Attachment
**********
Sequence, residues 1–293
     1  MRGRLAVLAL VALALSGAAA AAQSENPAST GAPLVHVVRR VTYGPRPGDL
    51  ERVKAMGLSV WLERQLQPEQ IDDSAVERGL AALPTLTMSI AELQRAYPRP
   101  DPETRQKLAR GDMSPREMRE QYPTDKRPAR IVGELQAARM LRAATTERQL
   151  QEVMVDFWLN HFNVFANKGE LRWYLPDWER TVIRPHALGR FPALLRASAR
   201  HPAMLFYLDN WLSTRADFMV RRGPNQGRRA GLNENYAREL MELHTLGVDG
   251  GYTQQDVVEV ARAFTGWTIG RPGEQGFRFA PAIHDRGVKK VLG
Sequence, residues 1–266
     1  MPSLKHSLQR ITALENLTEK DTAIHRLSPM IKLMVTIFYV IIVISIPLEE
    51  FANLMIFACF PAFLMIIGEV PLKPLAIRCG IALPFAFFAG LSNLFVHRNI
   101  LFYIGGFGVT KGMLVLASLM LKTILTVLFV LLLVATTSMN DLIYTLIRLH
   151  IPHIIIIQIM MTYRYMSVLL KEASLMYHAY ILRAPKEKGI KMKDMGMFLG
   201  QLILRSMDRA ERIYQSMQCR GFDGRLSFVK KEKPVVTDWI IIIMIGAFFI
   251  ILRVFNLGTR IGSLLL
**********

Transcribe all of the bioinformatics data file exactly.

Sequence, residues 1–293
     1  MRGRLAVLAL VALALSGAAA AAQSENPAST GAPLVHVVRR VTYGPRPGDL
    51  ERVKAMGLSV WLERQLQPEQ IDDSAVERGL AALPTLTMSI AELQRAYPRP
   101  DPETRQKLAR GDMSPREMRE QYPTDKRPAR IVGELQAARM LRAATTERQL
   151  QEVMVDFWLN HFNVFANKGE LRWYLPDWER TVIRPHALGR FPALLRASAR
   201  HPAMLFYLDN WLSTRADFMV RRGPNQGRRA GLNENYAREL MELHTLGVDG
   251  GYTQQDVVEV ARAFTGWTIG RPGEQGFRFA PAIHDRGVKK VLG
Sequence, residues 1–266
     1  MPSLKHSLQR ITALENLTEK DTAIHRLSPM IKLMVTIFYV IIVISIPLEE
    51  FANLMIFACF PAFLMIIGEV PLKPLAIRCG IALPFAFFAG LSNLFVHRNI
   101  LFYIGGFGVT KGMLVLASLM LKTILTVLFV LLLVATTSMN DLIYTLIRLH
   151  IPHIIIIQIM MTYRYMSVLL KEASLMYHAY ILRAPKEKGI KMKDMGMFLG
   201  QLILRSMDRA ERIYQSMQCR GFDGRLSFVK KEKPVVTDWI IIIMIGAFFI
   251  ILRVFNLGTR IGSLLL